Slave Manumissions and Certificates of Freedom, 1800-1825

This is Part Two of my paraphrased transcription of the Town Book for Castletown For the Entry of Black Children. For the whole scoop on this historical document and a link to the online version of the original, see my Part One posting with transcription of slave births. In this post, I’m describing the records of adults that are found in it (even though it’s called the Children’s Book).

Town Book for Castletown For the Entry of Black Children


  • John Corsen, heretofore the slave of Hendrick Garretson, farmer, who he agreed to manumit, is under fifty years and of sufficient ability to provide for himself, 29 Jan 1800. Attested to by Tunis Egbert & John Dorsett, Overseers of the Poor, and Benjamin Parker, Justice. (p.14)
  • Samuel Brice, about forty years of age, was freed by Thomas Hazard on 9 Dec 1825. The Overseers of the Poor, John Barnes and Garrett Martling, examined him and certified that he is able to support himself by his labor. (p. 33)

Certificates of Freedom and Eligibility to Vote

The following entries all occurred on 24 Apr 1811.  These aren’t manumissions but legal certifications that free blacks were indeed free. It seems they were filed in response to a New York State law passed on 9 Apr 1811, an “Act to prevent frauds and perjuries at elections, and to prevent slaves from voting.” This law was a voter suppression effort passed in reaction to the 1799 Act for the Gradual Abolition of Slavery. The law stated:

 “it shall and may be lawful for every black or mulatto person within this state, to make and exhibit proof…of his freedom, such proof to be reduced to writing [in court]… [The judge or recorder] shall certify the same in writing, stating therein a brief description of the person so adjudged to be free, his age, the place of his birth, and the time when he became free, as nearly as the same can be ascertained, and it shall be the duty of the said black or mulatto person to cause the said proof to be filed, and the certificate … to be entered of record … and a copy of the said record… shall be the certificate of freedom required by the preceding section, to be produced at all such elections, and unless such certificate shall be produced, no black or mulatto person shall be permitted to vote at any such election…”

The following certificates were all dated 24 Apr 1811:

  • Henry Ryes, born in the town of Northfield, 22 years of age, obtained his freedom 24 Apr 1811.  David Mesereau, Judge of the Court of Common Pleas (p. 16)
  • Joseph Ryers, former slave of Gozen Ryers whose will specified that he should be freed. David Mesereau, Judge of the Court of Common Pleas (p. 17)
  • The above Joseph Ryers, in turn, frees his own son Harry, also on 24 Apr 1811.  David Mesereau, Judge of the Court of Common Pleas (p.18)
  • Two more black men, Joe and James, also slaves of Gozen Ryerrs, deceased, are certified free by Jonathan Lozier, Surrogate for the Estate of Ryerrs  (p.18)

The Election

On the very last page of the book, there is a long paragraph of very faint writing (probably pencil) that is undated and unsigned.  It records the location of polling places in an upcoming election for a “Person to Represent the County of Richmond in Assembly,” probably the same election for which the certificates above were filed.

“The poll of said election will be held at the house of Thomas Hazard on Monday the tenth of November at the hour of ten o’clock in the forenoon, on Tuesday at the house of Danz’d Barger at the hour of ten o’clock, on wennsday at the house of Vincent Bodine at ten o’clock.”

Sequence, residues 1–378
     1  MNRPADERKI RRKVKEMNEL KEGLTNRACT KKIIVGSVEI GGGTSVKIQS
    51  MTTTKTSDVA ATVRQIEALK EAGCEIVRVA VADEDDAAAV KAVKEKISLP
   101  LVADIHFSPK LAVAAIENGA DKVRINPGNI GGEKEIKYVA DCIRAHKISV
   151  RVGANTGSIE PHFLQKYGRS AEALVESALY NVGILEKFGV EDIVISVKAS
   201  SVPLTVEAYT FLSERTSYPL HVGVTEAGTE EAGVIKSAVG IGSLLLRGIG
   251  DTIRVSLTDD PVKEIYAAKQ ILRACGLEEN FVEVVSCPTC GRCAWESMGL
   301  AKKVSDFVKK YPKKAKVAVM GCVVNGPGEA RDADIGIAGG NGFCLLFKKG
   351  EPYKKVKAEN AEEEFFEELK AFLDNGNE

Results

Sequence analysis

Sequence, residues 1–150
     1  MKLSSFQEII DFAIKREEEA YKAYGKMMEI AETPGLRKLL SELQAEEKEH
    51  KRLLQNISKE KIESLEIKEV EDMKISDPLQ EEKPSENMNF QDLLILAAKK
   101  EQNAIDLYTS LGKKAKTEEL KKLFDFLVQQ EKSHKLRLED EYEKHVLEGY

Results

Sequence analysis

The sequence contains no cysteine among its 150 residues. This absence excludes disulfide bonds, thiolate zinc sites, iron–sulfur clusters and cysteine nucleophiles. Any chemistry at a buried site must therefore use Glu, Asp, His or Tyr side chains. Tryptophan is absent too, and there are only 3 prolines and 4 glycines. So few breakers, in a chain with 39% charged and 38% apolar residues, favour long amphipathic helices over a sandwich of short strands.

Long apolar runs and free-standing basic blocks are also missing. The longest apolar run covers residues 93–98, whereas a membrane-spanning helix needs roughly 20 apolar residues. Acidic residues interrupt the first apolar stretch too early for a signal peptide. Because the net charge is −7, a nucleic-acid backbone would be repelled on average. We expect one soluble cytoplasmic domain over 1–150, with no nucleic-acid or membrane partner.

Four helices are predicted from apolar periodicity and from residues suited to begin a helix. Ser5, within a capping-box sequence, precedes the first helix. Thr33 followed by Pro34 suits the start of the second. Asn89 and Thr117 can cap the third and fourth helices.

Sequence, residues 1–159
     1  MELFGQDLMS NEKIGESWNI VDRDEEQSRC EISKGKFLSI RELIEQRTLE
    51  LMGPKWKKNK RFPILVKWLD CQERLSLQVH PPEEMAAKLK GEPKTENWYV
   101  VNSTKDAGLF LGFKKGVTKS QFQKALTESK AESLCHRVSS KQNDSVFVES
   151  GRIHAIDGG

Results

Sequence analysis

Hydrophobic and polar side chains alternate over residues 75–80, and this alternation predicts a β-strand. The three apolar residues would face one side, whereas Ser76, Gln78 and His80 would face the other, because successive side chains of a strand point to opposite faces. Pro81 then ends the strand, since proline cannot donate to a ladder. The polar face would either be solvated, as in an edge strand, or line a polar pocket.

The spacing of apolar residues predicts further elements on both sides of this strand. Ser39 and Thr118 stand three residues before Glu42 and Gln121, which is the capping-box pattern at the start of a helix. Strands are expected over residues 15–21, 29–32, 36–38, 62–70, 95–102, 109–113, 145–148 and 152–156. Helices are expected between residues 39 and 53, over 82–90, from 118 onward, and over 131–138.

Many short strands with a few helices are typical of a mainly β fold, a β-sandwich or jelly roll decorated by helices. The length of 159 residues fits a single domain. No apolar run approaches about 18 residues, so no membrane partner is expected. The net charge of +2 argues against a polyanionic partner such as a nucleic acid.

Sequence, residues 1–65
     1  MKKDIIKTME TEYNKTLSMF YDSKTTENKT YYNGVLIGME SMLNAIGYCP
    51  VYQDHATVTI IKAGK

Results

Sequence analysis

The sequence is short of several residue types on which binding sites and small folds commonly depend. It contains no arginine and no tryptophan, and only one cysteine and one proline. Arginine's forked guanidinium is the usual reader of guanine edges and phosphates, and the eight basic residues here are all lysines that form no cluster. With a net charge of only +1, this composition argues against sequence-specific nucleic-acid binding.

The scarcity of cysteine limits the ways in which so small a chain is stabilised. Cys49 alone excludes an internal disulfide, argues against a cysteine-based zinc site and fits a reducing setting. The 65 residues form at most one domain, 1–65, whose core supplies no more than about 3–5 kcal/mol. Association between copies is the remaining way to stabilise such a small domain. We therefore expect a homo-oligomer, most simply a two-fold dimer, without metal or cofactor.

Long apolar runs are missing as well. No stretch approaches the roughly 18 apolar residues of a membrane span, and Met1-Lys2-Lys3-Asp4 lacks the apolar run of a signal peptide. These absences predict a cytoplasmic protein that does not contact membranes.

Slave Birth Records in the Town of Castleton, 1799 -1824

I was totally blown away to discover this historical document online! In years of researching Staten Island records I have not come across a copy of this: a digital image of the Town Book for Castletown For the Entry of Black Children. It’s online in the collection of the New York Historical Society Museum and Library.

Town Book for Castletown For the Entry of Black Children

You probably know how rare it is have birth records for slaves.  Here is the story: in 1799, the New York Legislature passed “An Act for the Gradual Abolition of Slavery” which phased out slavery over time. All children born to slave women after July 4, 1799 would become free at a certain age: males at age 28 and females at age 25. To comply with this law, owners were required to legally record all slave births in order to document their eligibility to become free.  So this is that record for the town of Castleton on Staten Island. (There is also mention of the Town of Northfield in some of the records).

Many of the birth entries appear to be handwritten by the mother’s owner, who would have also owned the child. The wording and the details given in an entry vary depending on the writer. Most of the entries mention the child’s mother’s name, and some also give the father’s name and his owner’s name. The births are not recorded strictly in order of occurrence, as some reporting was delayed.  Here’s an example entry:

I do hereby certify that a male negro child named Nicholas the Father of whom named Sam belongs to me, and the mother named Bett belongs to Cornelius Cruser, was born In my House at Castletown the eight day of may in the year of our Lord one thousand Eight hundred, and I request that this return of the Birth of the said child may be Entered agreeable to the directions Contained In a late act for the gradual Abolition of Slavery. Castletown January 15th., 1801, John Mercereau

And the book also contains records of manumissions during this time period!

Unfortunately, the document is not searchable or printable. Because it’s so priceless, I decided to transcribe it here. There’s a lot of information, so this post will be Part 1 of a 2-part series. Below are birth records; I will do the manumission records in a second post.

Continue reading

Irish Immigrant Missing Friends Notices for Staten Island

Before text messages and Twitter, before telephones and televisions, there was only one way to broadcast a message publicly: through a newspaper.